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Forms in architecture
Philosophical arguments for classification system
There are many ways to study architecture and the forms that are created by architects. Two classification systems emerged out of the debate between Modernism and Postmodernism. On one hand is the idea of the archetype: walls, doors, columns, etc. The other theory was put forth as an extension of Kant and Heidegger's theory of Relative Homelessness, or the idea of relative values and icons in the world. Both theories serve architecture well as a construct of discourse. Yet both theories taken to extremes tend to muddy the picture for classifying and categorizing architecture. A discussion of the two theories and their ramifications need to be put forth as a sort of disclaimer, and to further the architectural discourse at Wikipedia.
In the theory of Archetypes, small elements that are universal truths are combined and arranged in a coherent, holistic building. This tradition extends from the Platonic/Pythagorean tradition of primary elements. A recent champion of this notion was Frank Lloyd Wright. His designs relied on the punning notion that "Home is where the Hearth is", with the hearth as the symbolic and literal center of the house and family. The archetype relies on the notion of universal truths or building forms. Many architectural treatises from Vitruvius, to Claude Perrault, to Gottfried Semper, to John Welborn Root , to even Le Corbusier rely on the idea of archetypes to some degree.
At the other end of the spectrum lies a concept entirely foreign to archetype. A simple, unofficial title could be Relative Homelessness. The logical ideas are complex and very convoluted. A short, and very simplified explanation follows. Disclaimer: I am not a philosophy student; therefore this synopsis might have some small errors. I have studied this extensively in school and on my own, but a true student of philosophy could explain these ideas better.
This idea has roots in the work of Martin Heidegger, who was very interested in language and its effect on human beings, and his protégé Derrida, and the idea of relative truth. A synopsis of the logical chain goes like this. Heidegger is interested in the idea of Hermeneutics, or the study of the methodological principles of interpretation. Everyone is Hermeneutic; therefore everyone is interpreting life/world as he/she encounters it. Therefore there is no final truth, everything is relative and nothing is absolute. To be human is to interpret. Along with this logical chain goes the idea of context. Heidegger states that you cannot discover anything without using your predetermined context: social, place, area, age, etc. You cannot decide upon an issue without using your already existing content. Therefore the idea of the universal, and the idea of Archetype are void. Another assault on Archetype states that since human beings value systems are based on context, therefore are relative voids Archetype. The final assault also comes from context: the idea that physical forms somehow have intrinsic values. Values that somehow transcend space, time, and physical location are voided by Heidegger's idea of context.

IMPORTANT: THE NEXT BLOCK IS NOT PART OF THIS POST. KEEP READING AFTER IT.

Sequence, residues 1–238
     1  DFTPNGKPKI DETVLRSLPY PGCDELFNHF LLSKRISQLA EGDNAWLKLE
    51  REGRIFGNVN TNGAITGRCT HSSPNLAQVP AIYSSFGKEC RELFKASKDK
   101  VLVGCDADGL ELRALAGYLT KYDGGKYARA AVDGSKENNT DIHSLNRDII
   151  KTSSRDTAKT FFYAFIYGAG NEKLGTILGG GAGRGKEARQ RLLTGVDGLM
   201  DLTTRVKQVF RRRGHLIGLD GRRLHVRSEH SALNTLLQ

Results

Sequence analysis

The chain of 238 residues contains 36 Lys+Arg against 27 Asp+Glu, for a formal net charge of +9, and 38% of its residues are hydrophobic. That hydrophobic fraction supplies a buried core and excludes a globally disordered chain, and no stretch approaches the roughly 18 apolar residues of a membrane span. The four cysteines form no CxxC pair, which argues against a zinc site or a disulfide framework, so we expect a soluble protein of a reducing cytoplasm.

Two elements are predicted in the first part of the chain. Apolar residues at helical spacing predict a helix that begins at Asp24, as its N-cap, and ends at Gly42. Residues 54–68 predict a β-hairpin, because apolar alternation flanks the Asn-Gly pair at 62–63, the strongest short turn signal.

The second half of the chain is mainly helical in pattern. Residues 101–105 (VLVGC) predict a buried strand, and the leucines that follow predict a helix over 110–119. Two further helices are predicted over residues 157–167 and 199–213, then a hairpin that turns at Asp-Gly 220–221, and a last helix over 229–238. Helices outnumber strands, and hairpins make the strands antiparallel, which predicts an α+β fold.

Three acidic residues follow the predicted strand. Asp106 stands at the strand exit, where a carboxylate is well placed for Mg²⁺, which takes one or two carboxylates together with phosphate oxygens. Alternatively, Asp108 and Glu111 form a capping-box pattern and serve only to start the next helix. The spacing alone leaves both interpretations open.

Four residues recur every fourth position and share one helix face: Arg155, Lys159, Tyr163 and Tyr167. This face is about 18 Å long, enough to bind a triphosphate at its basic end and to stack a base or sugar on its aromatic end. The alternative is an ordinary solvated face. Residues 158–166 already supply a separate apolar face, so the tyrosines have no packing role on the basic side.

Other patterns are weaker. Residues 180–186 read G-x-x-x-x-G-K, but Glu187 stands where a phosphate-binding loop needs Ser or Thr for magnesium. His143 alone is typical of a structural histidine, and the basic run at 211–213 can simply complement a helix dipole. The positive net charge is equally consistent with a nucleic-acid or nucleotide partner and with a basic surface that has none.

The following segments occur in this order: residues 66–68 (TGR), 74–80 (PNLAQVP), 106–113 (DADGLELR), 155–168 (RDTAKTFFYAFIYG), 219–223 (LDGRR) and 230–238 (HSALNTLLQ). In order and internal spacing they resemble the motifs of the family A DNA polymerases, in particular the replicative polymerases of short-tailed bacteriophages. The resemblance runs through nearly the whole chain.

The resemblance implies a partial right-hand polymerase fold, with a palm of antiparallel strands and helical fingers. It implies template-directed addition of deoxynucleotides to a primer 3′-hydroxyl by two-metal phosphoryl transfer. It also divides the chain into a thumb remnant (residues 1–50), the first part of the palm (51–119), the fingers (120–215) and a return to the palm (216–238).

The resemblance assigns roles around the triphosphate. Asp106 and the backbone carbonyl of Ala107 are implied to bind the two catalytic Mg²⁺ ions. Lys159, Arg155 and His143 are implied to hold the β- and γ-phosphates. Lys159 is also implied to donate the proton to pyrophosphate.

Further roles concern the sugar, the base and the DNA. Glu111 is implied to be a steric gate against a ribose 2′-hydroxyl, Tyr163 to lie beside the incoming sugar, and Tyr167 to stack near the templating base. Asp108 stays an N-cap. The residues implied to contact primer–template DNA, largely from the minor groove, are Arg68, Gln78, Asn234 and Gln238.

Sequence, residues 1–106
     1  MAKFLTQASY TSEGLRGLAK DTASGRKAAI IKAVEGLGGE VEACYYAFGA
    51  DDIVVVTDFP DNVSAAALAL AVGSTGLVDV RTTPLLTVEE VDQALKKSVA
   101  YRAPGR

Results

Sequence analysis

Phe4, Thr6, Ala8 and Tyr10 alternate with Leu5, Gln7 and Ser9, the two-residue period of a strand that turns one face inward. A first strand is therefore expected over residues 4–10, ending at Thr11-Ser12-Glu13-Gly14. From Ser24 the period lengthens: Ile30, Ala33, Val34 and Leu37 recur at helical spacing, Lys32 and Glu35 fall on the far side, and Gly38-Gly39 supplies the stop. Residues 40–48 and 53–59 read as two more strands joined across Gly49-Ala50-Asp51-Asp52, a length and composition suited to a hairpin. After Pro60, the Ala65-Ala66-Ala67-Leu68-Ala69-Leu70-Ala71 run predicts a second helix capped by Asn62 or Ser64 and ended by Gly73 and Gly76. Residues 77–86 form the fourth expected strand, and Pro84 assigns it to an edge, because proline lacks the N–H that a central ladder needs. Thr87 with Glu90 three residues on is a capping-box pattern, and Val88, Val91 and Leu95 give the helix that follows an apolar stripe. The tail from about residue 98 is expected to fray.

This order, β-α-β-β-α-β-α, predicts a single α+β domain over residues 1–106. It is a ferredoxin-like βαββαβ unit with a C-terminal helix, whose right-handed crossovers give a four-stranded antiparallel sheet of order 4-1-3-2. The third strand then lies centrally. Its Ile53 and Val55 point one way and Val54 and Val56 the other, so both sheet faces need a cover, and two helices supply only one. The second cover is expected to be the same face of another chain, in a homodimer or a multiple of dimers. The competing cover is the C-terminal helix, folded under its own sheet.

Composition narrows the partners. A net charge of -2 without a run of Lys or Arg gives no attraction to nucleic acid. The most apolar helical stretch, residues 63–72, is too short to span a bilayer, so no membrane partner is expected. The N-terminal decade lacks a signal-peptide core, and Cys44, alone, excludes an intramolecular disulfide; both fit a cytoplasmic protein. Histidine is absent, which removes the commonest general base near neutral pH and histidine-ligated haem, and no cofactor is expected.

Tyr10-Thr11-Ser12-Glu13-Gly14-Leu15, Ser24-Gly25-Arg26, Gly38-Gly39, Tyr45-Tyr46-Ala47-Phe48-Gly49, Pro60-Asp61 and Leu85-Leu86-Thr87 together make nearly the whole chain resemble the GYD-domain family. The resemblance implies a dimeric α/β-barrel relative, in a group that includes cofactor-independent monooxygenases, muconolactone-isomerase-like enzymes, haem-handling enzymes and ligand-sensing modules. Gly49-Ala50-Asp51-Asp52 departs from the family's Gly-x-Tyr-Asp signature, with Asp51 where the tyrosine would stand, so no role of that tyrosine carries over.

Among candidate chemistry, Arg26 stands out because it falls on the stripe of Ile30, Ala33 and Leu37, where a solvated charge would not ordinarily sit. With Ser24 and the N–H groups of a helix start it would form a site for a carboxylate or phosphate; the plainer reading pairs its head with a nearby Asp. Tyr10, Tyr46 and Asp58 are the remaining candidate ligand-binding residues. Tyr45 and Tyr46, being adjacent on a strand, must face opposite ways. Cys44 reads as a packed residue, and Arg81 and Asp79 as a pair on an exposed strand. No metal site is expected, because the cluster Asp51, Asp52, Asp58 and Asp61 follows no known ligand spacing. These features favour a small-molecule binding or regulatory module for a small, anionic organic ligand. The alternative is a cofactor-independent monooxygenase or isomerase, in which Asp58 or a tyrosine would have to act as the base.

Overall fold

Contemporary architect Peter Eisenman champions this theory. If Frank Lloyd Wright would say, "You can always go home", Peter would say, "Oh no you can't". This distinction of absolute to relative distinguishes the two philosophies. Current philosophical and architectural discourse oscillates between these two diametric entities. Movements such as Regionalism and the so-called New Urbanists [who are neither urban nor new, but that is another debate] rely heavily on the Archetype as a design element. Then there are architects such as the aforementioned Eisenman, Thom Mayne lead Morphosis, and a host of others who view the world as relative, interchangeable space. In actual practice architecture and architects generally fall within one camp or the other, with many distributed between two poles. It is helpful to think of this diagram a segment with two points and ideas, views and people as a continuum between the two views. For Wikipedia we will classify architecture using a modified Archetype. This makes sense because Wikipedia as a dictionary likes elemental ideas and classifications. We will break the elements of architecture down into archetypical elements, so as to understand architecture as a whole. The argument of whether or not these elements have basic intrinsic values that are universal to all can be set-aside in the quest to understand architecture.
Archetypical elements of buildings
Grouped by geometry
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